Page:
AP Photo/Alex Brandon President Donald Trump's hair is seen illuminated as he listens during a discussion in the Roosevelt Room of the White House I f you haven't seen the 1954 film The Caine Mutiny , now's a good time to watch it. Humphrey Bogart plays Phillip Queeg, a navy captain who shows signs of mental instability that jeopardizes the ship. To save the crew, the first officer relieves him of command. When Queeg gets word of the mutiny, he broadcasts this message over the ship's intercom: This is the captain speaking. Some misguided sailors on this ship still think they can pull a fast one on me. Well, they're very much mistaken. Since you've taken this course, the innocent will be punished with the guilty. There will be no liberty for any member of this crew for three months. I will not be made a fool of. Do you hear me? Fast-forward to the current occupant of the White House. A high-ranking Trump administration official has written an anonymous op-ed column in The New York...
(Photo by Charles Sykes/Invision/AP) Aretha Franklin at Radio City Music Hall on April 19, 2017 A retha Franklin, the greatest of singers, who died Thursday at 76, was indisputably the “queen of soul.” But she also should be acknowledged as a feminist pioneer. Several popular songs, including Aretha’s “Respect,” can be seen as early anthems of second-wave feminism. Otis Redding first recorded “Respect” in 1965, but Aretha re-interpreted it as a feminist song in 1967. Redding’s version was a plea from a man for respect from his wife for bringing home the money. Aretha’s version was a feminist declaration of independence by a woman who demands (not begs for) respect from her man. Aretha’s version added the chorus that spelled out “R-E-S-P-E-C-T,” which punctuated its feminist message. A number of Aretha’s other big hits, including “A Natural Woman” (1967), “Chain of Fools” (1967), “Do Right Woman, Do Right Man (1967),” and “Think” (1968), merged gospel fervor with R&B intensity, and...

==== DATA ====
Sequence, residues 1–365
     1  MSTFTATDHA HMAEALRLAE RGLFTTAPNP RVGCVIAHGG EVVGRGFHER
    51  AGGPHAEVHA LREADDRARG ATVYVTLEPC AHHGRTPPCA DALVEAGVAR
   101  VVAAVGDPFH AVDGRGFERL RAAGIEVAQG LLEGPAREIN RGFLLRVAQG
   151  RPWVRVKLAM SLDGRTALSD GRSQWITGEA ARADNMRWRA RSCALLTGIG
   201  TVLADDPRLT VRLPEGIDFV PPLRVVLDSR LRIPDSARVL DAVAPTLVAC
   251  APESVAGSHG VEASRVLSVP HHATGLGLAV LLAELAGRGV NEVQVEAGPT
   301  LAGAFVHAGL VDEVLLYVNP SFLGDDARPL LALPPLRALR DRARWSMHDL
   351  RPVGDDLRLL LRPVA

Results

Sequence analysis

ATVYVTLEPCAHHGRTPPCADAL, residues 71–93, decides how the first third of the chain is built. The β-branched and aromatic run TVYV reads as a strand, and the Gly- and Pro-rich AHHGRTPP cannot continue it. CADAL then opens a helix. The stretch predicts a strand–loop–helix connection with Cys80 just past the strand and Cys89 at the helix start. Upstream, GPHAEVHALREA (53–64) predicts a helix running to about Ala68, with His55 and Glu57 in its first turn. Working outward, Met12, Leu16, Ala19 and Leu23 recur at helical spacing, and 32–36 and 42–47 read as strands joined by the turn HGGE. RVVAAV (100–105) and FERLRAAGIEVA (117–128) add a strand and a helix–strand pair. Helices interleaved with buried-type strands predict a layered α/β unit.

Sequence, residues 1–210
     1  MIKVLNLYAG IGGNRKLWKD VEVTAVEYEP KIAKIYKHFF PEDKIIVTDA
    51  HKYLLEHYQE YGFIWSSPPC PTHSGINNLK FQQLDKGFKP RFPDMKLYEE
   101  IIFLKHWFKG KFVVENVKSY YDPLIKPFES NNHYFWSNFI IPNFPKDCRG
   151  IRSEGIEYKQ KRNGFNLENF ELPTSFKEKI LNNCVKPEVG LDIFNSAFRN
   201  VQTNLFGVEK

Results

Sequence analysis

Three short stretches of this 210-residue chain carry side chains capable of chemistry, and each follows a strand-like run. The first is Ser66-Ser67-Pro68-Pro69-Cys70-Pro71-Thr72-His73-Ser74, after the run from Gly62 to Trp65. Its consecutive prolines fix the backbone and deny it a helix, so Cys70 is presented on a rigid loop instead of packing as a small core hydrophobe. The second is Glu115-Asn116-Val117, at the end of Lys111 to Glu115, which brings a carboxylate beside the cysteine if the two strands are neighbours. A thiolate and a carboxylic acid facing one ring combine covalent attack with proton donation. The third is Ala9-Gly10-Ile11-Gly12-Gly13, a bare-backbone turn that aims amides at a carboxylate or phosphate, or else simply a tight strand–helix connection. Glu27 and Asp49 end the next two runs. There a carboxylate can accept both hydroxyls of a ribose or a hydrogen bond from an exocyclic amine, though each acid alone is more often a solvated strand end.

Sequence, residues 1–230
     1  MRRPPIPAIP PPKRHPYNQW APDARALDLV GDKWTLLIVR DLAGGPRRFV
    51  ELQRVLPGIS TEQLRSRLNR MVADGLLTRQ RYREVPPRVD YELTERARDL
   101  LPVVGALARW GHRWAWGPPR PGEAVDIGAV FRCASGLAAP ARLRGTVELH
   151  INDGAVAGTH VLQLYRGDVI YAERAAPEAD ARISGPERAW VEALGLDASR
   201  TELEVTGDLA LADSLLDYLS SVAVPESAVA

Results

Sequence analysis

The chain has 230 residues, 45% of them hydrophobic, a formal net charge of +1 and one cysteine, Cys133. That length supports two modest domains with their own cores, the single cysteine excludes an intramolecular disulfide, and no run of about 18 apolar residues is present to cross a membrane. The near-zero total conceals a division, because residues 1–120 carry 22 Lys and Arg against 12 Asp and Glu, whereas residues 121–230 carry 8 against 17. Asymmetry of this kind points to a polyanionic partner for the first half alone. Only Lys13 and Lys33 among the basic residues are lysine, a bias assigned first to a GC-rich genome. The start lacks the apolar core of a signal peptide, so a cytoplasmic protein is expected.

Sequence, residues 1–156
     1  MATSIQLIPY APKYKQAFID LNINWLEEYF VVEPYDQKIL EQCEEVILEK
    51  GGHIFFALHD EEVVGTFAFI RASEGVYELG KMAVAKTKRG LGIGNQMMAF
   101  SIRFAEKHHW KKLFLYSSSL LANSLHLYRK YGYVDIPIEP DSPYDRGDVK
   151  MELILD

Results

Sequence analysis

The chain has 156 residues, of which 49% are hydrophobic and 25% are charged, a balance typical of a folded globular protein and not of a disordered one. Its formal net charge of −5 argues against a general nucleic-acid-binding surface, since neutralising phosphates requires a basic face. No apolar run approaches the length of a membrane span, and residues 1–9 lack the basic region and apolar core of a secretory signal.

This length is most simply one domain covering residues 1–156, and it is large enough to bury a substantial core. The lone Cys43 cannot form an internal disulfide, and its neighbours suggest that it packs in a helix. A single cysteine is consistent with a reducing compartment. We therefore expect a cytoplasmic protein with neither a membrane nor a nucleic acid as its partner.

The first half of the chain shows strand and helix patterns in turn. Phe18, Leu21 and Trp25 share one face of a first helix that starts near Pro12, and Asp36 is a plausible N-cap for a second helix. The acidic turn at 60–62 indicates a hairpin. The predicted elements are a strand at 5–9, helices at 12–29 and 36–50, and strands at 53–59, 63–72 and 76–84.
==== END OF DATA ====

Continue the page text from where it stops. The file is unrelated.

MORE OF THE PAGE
On July 13, an NPR interview with London Mayor Sadiq Khan turned into a debate over the right to peaceful protest. While the topic of the interview was purportedly Trump’s U.K. visit and his harsh criticisms of Khan, reporter Mary Louise Kelly instead used the opportunity to pick a fight with the mayor over whether a giant “Trump Baby” balloon that hovered over the anti-Trump protests in London went beyond the bounds of acceptable dissent.